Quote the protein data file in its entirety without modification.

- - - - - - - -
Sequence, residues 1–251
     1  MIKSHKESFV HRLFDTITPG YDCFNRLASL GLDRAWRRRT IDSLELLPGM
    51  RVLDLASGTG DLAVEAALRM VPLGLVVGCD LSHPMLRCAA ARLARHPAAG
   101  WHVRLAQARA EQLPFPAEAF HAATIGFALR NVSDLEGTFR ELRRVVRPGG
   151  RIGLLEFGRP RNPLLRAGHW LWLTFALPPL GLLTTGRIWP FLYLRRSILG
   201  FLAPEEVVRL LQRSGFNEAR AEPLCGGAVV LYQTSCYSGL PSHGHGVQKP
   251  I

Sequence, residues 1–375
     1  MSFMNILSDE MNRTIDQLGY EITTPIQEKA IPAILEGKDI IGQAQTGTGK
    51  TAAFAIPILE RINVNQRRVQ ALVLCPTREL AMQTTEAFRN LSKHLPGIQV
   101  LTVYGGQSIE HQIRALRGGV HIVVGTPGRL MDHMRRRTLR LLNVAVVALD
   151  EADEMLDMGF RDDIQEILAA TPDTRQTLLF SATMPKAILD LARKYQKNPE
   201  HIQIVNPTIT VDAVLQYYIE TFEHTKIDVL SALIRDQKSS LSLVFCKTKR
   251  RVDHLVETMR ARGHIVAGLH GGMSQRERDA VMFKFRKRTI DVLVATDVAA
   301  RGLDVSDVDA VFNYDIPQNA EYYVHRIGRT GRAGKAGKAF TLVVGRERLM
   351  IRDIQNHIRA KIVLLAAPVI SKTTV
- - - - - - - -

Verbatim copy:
Sequence, residues 1–251
     1  MIKSHKESFV HRLFDTITPG YDCFNRLASL GLDRAWRRRT IDSLELLPGM
    51  RVLDLASGTG DLAVEAALRM VPLGLVVGCD LSHPMLRCAA ARLARHPAAG
   101  WHVRLAQARA EQLPFPAEAF HAATIGFALR NVSDLEGTFR ELRRVVRPGG
   151  RIGLLEFGRP RNPLLRAGHW LWLTFALPPL GLLTTGRIWP FLYLRRSILG
   201  FLAPEEVVRL LQRSGFNEAR AEPLCGGAVV LYQTSCYSGL PSHGHGVQKP
   251  I

Sequence, residues 1–375
     1  MSFMNILSDE MNRTIDQLGY EITTPIQEKA IPAILEGKDI IGQAQTGTGK
    51  TAAFAIPILE RINVNQRRVQ ALVLCPTREL AMQTTEAFRN LSKHLPGIQV
   101  LTVYGGQSIE HQIRALRGGV HIVVGTPGRL MDHMRRRTLR LLNVAVVALD
   151  EADEMLDMGF RDDIQEILAA TPDTRQTLLF SATMPKAILD LARKYQKNPE
   201  HIQIVNPTIT VDAVLQYYIE TFEHTKIDVL SALIRDQKSS LSLVFCKTKR
   251  RVDHLVETMR ARGHIVAGLH GGMSQRERDA VMFKFRKRTI DVLVATDVAA
   301  RGLDVSDVDA VFNYDIPQNA EYYVHRIGRT GRAGKAGKAF TLVVGRERLM
   351  IRDIQNHIRA KIVLLAAPVI SKTTV